"I pulled my car into a lay-by to phone them, and forced Mummy into telling me because I needed to know," she recalls. "The same day I drove my car around the house, which I've done a million times, but I hit the side of the house because I just wasn't focused.
"It was a tiny scratch; but it's only away to get fixed now.
"I wanted rid of that scratch. I don't want to relive that day."
She told how she eventually tidied herself up, washed her face and "once I thought I looked human again, I went to see him and gave him a massive hug. We both had the biggest cry".
Helena adds: "The next day he said: 'I can live with bone cancer, and prostate cancer is one of the easier ones to manage'.
"He kept using the phrase 'I can live with this'."
When the first of his six chemotherapy treatments was postponed due to circumstances beyond his control, a fortunate consequence was that Mr and Mrs Dallat were able to visit their newborn grandson George at Altnagelvin Hospital.
"If he had got his treatment he wouldn't have been able to see Diarmuid and Megan's baby," Anne says.
Halfway through his chemo, however, Mr Dallat slipped on autumn leaves and broke his right arm while out canvassing for Cara Hunter - who would ultimately replace him in the Assembly - when she was standing in the 2019 Westminster election.
But he didn't let it act as a deterrent to his work.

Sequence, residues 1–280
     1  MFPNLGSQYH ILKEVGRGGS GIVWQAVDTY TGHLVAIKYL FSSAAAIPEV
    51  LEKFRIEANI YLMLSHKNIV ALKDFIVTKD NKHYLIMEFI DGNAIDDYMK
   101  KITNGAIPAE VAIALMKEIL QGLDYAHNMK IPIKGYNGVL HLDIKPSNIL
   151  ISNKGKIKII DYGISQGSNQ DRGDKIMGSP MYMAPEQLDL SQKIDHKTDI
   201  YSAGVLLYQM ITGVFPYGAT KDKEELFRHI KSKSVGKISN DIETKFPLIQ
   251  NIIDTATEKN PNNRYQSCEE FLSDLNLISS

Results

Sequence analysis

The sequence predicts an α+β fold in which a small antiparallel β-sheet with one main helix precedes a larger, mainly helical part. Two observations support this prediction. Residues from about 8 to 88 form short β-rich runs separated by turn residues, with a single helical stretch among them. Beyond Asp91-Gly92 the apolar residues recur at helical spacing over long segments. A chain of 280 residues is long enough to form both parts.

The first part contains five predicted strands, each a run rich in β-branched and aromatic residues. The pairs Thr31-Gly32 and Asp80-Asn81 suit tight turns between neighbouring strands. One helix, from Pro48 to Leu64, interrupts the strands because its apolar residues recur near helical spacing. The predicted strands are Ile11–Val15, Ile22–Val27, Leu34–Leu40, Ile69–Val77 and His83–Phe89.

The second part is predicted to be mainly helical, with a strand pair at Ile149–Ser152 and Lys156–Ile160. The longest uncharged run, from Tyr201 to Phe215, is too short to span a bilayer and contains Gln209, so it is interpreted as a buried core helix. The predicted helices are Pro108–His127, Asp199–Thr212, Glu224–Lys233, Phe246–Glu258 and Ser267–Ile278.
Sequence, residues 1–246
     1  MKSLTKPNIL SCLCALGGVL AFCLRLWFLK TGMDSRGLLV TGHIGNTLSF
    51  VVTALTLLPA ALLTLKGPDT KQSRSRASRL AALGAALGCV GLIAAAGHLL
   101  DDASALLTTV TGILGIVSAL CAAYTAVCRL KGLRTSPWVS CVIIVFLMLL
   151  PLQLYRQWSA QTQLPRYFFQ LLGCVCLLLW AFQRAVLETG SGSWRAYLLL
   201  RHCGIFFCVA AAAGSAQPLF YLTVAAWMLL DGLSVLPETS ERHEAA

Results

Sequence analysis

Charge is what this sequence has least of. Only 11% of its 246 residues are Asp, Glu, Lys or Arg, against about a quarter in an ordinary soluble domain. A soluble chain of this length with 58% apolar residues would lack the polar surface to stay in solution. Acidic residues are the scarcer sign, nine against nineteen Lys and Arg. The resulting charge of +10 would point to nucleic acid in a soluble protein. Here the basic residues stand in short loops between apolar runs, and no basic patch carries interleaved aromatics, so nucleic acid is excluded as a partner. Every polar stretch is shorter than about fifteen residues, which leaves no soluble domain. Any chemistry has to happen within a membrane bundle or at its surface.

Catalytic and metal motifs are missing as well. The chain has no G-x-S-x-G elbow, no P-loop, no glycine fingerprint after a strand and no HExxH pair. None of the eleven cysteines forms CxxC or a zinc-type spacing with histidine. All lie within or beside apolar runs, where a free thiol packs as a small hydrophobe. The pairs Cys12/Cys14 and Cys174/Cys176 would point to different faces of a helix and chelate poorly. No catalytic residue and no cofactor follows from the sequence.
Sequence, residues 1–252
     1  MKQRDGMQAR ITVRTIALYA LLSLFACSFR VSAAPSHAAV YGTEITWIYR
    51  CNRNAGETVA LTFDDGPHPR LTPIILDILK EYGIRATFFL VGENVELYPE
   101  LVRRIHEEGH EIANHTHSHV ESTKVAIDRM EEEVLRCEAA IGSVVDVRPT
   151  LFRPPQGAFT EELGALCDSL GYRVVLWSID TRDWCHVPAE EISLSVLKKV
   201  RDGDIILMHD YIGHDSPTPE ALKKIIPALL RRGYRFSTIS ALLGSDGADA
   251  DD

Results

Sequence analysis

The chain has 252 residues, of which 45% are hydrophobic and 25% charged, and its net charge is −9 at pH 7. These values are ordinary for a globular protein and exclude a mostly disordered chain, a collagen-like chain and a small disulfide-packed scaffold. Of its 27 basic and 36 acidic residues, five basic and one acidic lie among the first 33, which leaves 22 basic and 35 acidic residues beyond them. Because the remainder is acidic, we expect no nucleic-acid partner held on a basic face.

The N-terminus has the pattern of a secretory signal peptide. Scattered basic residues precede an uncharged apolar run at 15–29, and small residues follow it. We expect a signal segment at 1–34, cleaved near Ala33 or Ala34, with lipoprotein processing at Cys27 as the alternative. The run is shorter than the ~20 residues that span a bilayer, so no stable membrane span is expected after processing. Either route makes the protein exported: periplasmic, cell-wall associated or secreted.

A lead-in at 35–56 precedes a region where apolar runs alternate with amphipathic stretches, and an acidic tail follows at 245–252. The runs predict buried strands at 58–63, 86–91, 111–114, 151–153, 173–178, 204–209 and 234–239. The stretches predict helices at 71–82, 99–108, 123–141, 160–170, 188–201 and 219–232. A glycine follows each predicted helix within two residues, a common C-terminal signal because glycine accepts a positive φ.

"He was back at his desk in two weeks," Helena recalls.
"He walked in with the broadest smile, took off his hat and just started back in."
She adds: "I don't think people realised that I was as shocked as anyone to see him."
There are going to be a lot of milestones coming up for us that are going to be very difficult.
Mr Dallat had been a tireless campaigner for justice for murdered German backpacker Inga Maria Hauser, who went missing in Northern Ireland in 1988 and whose body was later found in a forest park near Ballycastle in Co Antrim.
"He wrote a press release by hand about Inga Maria on April 5, then handed it to me and said 'I'm afraid that's my last one', because he was spent," Helena says.
"He had no energy left, but he made sure he did that."
A conference was due to take place last month to mark the 32nd anniversary of the brutal killing of the teenager, for which no one has yet been brought to justice.
Inga Maria's sister Friederike Leibl and nephew Viktor were due to attend, but it was cancelled due to the coronavirus pandemic.
"John always said that he wouldn't have wanted to leave this world without seeing her killers brought to justice," Anne reveals.
"Friederike was going to stay in our house; she broke down when she heard about his death.
"I still have every intention of bringing her here, though; it's what John would have wanted."
Meanwhile, recalling the close relationship Mr Dallat had with granddaughter Sophia, Helena told how he used to collect her from primary school on a Friday.
"He had a very good relationship with the head teacher at her school; I think Sophia felt that he was some kind of mini celebrity so she enjoyed it when he came to pick her up," says Helena.
It may be hard for all of them to adjust to life without John; but harder perhaps for Sophia when the schools go back after the lockdown.
"There are going to be a lot of milestones coming up for us that are going to be very difficult," Helena adds.